Red Wings Mailbag: Edvinsson, Bubble Players, Hirose & More

The Hockey Writers

With the news that Jeff Blashill will not be returning behind the bench for the Detroit Red Wings next season, general manager Steve Yzerman has already kicked off the offseason with a focus on bringing change to “Hockeytown”. Naturally, the leads to a level of uncertainty as Yzerman and fans ponder what this team might look like when the 2022-23 season begins.

If we’re being honest, we’re still a whole summer away from getting some concrete answers to these questions. But that fact will not stop me from trying to provide some insight and answers to some of your questions. After putting out a call for questions over on Twitter, we’re taking a look at five different questions pertaining to a wide-range of topics, including fringe players on this season’s roster, prospects, and even what the 2023 trade deadline might look like.

Let’s dive in.

Will Simon Edvinsson Make the Red Wings’ Blue Line Next Season?

@dangerousjd

I was told earlier this year that the Red Wings’ front office is “90 percent” sure that Simon Edvinsson could play in the NHL “right now”. That was before the season was over, and now the 19-year-old Swedish defenseman has a summer of training and skating with Lucas Raymond to look forward to.

Raymond said he will skate with Simon Edvinsson this summer in Sweden. #LGRW

With that in mind, I do think Edvinsson will make the Red Wings’ opening night roster next season. Now let’s be clear about two things:

  1. We should not expect Edvinsson to put forth a season similar to what Moritz Seider just had. Next season will be Edvinsson’s first in North America, where as Seider had previously played the 2019-20 season in the American Hockey League. That does not preclude Edvinsson from making a difference next season, but we can’t let Seider’s Calder-level season set the bar for the 2021 first round pick.
  2. 90 percent is not 100 percent. With a good, productive summer, that number probably moves up to 95 percent, but there still remains an outside chance that he’ll need a little time to get acclimated before making the jump to the NHL.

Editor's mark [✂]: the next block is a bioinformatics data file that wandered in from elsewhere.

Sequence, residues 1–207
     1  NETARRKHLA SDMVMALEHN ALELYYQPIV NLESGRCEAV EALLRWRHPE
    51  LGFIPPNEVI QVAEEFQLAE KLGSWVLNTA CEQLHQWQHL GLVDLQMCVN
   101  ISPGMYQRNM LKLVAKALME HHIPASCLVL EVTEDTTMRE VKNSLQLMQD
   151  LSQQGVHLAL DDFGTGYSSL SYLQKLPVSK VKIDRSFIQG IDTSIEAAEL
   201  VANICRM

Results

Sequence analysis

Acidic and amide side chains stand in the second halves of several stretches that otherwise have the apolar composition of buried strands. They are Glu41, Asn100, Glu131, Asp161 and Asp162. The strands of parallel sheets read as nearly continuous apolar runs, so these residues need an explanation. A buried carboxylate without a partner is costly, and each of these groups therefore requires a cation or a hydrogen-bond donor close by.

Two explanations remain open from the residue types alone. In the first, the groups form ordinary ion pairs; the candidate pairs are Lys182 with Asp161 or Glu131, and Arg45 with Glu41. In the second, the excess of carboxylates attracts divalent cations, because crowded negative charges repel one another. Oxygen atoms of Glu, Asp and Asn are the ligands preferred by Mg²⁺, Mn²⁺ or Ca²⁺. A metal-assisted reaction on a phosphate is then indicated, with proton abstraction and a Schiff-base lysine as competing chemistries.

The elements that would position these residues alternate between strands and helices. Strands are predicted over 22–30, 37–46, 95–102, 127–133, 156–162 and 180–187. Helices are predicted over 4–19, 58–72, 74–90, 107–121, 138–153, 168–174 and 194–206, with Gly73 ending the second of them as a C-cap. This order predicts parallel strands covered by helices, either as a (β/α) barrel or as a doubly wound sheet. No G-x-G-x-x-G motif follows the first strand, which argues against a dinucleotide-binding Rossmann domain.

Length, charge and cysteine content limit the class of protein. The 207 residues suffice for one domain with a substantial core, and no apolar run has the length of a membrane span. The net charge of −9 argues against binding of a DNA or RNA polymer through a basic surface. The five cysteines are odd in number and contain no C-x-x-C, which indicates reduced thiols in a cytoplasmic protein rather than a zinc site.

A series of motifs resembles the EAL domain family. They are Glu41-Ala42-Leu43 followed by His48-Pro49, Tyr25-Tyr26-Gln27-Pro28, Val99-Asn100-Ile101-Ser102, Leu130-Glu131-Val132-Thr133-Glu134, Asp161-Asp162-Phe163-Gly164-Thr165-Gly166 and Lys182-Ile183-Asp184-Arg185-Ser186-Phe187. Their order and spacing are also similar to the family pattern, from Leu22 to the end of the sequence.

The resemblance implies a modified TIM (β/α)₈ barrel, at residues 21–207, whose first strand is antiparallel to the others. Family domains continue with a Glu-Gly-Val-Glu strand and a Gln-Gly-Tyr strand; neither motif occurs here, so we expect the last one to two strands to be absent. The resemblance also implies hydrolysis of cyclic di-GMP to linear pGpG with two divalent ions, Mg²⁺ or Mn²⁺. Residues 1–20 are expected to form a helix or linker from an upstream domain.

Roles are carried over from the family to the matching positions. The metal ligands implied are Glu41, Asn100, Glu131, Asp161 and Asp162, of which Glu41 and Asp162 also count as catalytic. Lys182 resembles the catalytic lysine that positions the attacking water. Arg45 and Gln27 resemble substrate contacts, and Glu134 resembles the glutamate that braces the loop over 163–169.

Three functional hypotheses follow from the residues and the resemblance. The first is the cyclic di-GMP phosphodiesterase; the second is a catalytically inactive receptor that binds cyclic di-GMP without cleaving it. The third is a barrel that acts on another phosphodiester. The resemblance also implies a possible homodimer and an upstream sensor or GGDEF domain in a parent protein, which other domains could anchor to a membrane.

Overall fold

Related: Red Wings’ Prospect Simon Edvinsson is One Step Closer to Detroit

As for what pairing Edvinsson will play on next season, I think that will be a fluid situation throughout the season. While I have little doubt that he will play alongside Seider at some point in his career, I don’t know that they will start together. Instead, I could see Edvinsson starting alongside a stay-at-home defenseman like Gustav Lindstrom to form what could be a sneaky-good bottom pairing. Ultimately, the moves Yzerman does or doesn’t make next season, as well as Edvinsson’s play, will determine where the Red Wings’ top prospect will play next season.

Will Taro Hirose Be A Full-Time Red Wing Next Season?

@cbradley2928

Taro Hirose will be an unrestricted free agent in July. While I think the Red Wings’ front office may still see value in keeping him around as a fringe NHLer/top line AHLer, I think it will be Hirose that decides to pursue different opportunities elsewhere.

When you account for wingers that will definitely return to the Red Wings next season (Lucas Raymond, Jakub Vrana, Robby Fabbri), winger that will likely return (Tyler Bertuzzi, Filip Zadina, Oskar Sundqvist), and potential prospects that could join the team (Jonatan Berggren, top pick in the 2022 draft), you’ll quickly find that there just isn’t any room for a player like Hirose. While Hirose spent the majority of his time in Detroit on the fourth line this season, he’s most effective when he has good offensive player to pass the puck to. He’s an underrated playmaker, and he isn’t going to have the opportunity to showcase it while playing with fourth liners or sitting in the press box.

I think a team like the Arizona Coyotes makes a lot of sense for Hirose. He isn’t going to demand a ton on his next contract, which definitely fits for the Coyotes as they will undoubtedly look to keep their payroll low next season. He has some untapped offensive potential that the Coyotes could look to capitalize on, given that they don’t project to have a very deep lineup next season. Lastly, there just wouldn’t be much in the way of expectations while playing for a rebuilding team like Arizona.

I really like Hirose and think he could have been handled better during his time in the Red Wings’ system. But as it is, if he’s going to become a full-time NHLer next season, he’ll have to find a spot with a team without much offensive depth. I hope he gets the opportunity, and I hope he makes the most of it.

Aside From Expiring Contracts, Are There Any “Bubble Players” That May Not Be Back Next Season?

@VittiTom

I’m going to include pending restricted free agents in this conversation because, while their contracts may be expiring, the Red Wings still retain their rights.

When I say “change is coming to Hockeytown”, I mean it. While naming a new coach is going to drastically change the look and feel of this team, the fact remains that this roster still isn’t good enough to compete with the best teams in the NHL. Furthermore, I believe that Yzerman has an appetite to send a shockwave through this team by moving out a player that most would assume is safe. Letting Blashill go got their attention; now it’s time to send a message.